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One of the quickest methods of starting your own business here in San Diego — becoming your own boss — is to buy a franchise. There are many advantages of buying a franchise including knowing that you are selling products or providing services from an established brand with an established and verifiable customer base. Franchises can be very profitable, but, profitability is often a function of costs. If you are thinking of buying a franchise, a good San Diego business lawyer can help. Here are a few cost factors to consider when buying a franchise.
San Diego Franchise Law: Initial Franchising Fee
If you are buying a “new” franchise, the franchisor will charge an initial franchising fee. Such fees are generally lump sum and can be quite substantial.
Purchase Price/Transfer Fee
If you are buying an already existing franchise (from either the franchisor or a franchisee), it goes without saying that you will have to pay a price for the business. Franchisors, however, have a legitimate interest in vetting new franchisees and in obtaining revenue. Thus, if you are buying from an existing franchisee, often there is a transfer fee that is required to be paid to the franchisor as part of the purchase. Franchisors justify these fees as necessary to offset their administrative costs in vetting and approving the new franchisee. These transfer fees are areas for potential negotiation between buyer and seller since a potential buyer will want to have the seller pay any transfer fees or receive a price reduction.
Annual Franchise Fees
In addition to the initial lump-sum franchise fee, in general, the franchisee must pay an annual franchise fee (or sometimes these are paid in monthly installments). These are generally flat fees and, therefore, not linked to annual revenues. These annual fees substantially reduce profitability for new franchises or if there is a “down” year.
Ongoing Royalty Fees
Sometimes the annual franchising fee is called a “royalty fee” or “royalty payment.” But, many times, the annual franchise fee is in addition to royalty payments. “Royalty payments” are payments made for the right to use the franchisor’s trademarks, copyrights, and trade secrets. With a fast food restaurant, for example, the name and the logo are trademarks owned by the parent franchisor. You cannot use the name and the logo without permission. A franchisee must pay royalties in exchange for permission to use the name and logo. Most often, royalties are based on a percentage of monthly or quarterly revenues. Sometimes, royalties are due without reference to revenue. Such a payment structure can significantly affect profitability.
Some franchisors pass through to the franchisees advertising costs. This allows the franchisor to increase its profitability, but correspondingly reduces the profitability of the franchise. The justification is that the advertising benefits the franchisee as much as the franchisor, so everyone involved should share the costs. Sometimes, national advertising is not included and franchisees are only charged in-part for regional and/or market-specific advertising. This is often considered more reasonable since a franchisee is only paying for advertising in-market. The big concern here is that, in general, the franchisee has no control over the advertising costs. This is another risk to profitability.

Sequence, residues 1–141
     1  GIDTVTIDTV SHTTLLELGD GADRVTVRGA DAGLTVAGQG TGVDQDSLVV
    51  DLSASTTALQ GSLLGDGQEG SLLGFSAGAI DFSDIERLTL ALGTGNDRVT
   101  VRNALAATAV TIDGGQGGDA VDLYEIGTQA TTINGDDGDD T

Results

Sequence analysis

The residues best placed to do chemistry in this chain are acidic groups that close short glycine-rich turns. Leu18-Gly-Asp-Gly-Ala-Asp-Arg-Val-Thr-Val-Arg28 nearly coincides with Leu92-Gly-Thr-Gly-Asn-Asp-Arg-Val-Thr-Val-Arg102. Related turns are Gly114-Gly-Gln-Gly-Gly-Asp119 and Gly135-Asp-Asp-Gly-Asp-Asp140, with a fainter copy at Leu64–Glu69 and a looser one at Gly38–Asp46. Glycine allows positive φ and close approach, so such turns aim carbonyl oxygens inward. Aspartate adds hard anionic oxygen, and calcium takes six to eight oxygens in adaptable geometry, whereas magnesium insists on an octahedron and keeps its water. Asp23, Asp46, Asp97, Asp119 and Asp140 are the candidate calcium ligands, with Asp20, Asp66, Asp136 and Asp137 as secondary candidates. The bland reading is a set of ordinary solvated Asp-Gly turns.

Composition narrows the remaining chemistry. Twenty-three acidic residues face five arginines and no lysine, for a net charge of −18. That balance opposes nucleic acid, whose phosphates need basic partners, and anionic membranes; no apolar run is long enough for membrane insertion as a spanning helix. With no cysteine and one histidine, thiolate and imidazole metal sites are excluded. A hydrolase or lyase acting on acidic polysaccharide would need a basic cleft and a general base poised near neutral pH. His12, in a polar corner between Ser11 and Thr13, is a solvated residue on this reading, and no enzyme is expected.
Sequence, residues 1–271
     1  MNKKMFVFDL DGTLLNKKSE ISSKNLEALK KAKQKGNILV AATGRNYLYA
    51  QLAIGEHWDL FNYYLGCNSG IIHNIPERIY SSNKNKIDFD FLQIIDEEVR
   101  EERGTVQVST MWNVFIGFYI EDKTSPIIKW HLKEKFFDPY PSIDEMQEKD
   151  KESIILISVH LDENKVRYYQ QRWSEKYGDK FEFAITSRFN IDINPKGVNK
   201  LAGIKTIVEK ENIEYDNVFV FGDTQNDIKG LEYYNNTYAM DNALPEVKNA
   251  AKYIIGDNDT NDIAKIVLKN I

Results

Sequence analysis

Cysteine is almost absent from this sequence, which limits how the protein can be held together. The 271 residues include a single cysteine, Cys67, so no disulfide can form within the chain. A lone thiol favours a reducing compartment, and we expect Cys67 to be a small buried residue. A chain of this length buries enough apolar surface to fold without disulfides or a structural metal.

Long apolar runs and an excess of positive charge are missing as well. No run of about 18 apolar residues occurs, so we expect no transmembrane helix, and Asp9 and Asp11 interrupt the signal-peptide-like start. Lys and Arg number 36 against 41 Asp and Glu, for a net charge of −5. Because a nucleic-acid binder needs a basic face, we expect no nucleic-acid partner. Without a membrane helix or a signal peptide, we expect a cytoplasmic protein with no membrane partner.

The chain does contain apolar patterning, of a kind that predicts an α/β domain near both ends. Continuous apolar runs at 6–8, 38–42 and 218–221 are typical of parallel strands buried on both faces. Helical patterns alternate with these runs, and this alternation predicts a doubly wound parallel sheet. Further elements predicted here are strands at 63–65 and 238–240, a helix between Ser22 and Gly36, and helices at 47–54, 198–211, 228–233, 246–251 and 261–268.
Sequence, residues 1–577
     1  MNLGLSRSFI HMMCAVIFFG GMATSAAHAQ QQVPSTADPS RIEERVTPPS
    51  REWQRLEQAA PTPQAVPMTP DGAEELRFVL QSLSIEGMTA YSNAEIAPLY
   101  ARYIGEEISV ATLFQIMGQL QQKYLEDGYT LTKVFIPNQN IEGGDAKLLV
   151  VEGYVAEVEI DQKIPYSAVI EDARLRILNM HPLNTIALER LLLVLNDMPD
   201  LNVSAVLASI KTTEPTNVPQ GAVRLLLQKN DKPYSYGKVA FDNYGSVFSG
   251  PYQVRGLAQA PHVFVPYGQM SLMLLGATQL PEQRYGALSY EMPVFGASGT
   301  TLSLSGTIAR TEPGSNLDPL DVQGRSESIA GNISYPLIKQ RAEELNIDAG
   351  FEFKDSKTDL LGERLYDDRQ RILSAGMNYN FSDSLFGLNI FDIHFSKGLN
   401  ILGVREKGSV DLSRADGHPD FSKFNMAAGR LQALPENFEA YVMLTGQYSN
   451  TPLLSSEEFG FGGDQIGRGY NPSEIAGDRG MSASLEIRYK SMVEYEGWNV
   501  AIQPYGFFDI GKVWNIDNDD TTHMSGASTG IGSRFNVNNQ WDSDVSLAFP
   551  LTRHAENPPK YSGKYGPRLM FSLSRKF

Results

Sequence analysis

Must-Purchase Products and Sourcing Restrictions
Most franchisors require various products to be purchased from the franchisor or its affiliates. This is justified as a means of ensuring quality of product and uniformity. But this is also the main mechanism for generating revenue for the franchisor. However, almost without exception, the cost of the franchisor’s products will be higher than similar products bought on the open market. Again, this is part and parcel of franchising, but can significantly affect profitability. This also potentially restricts one of the main methods of “being your own boss.”
Product and Sales Restrictions
In a similar vein, franchisors will restrict what products you can sell. Again, this is part and parcel of franchising, but it can prevent you from testing other products and/or revenue streams without the permission of your franchisor. This is true also for geographic territory restrictions for franchises that are not site-specific.
If you buy or start a franchise with lender financing, the other major cost factor to consider is the ongoing debt-servicing obligations. This is, of course, not specific to franchising but applies to all businesses. Minimizing debt obligations is often the key to profitability and long-term success.
Contact San Diego Corporate Law
For more information, contact franchise law attorney Michael Leonard, Esq. of San Diego Corporate Law by email or by calling (858) 483-9200. Mr. Leonard has the experience to review your franchise disclosure documents and agreements, help with the purchase (or sale) of a San Diego franchise and/or assist with any business-related matter. Mr. Leonard has been named a “Rising Star” four years running by SuperLawyers.com and “Best of the Bar” by the San Diego Business Journal.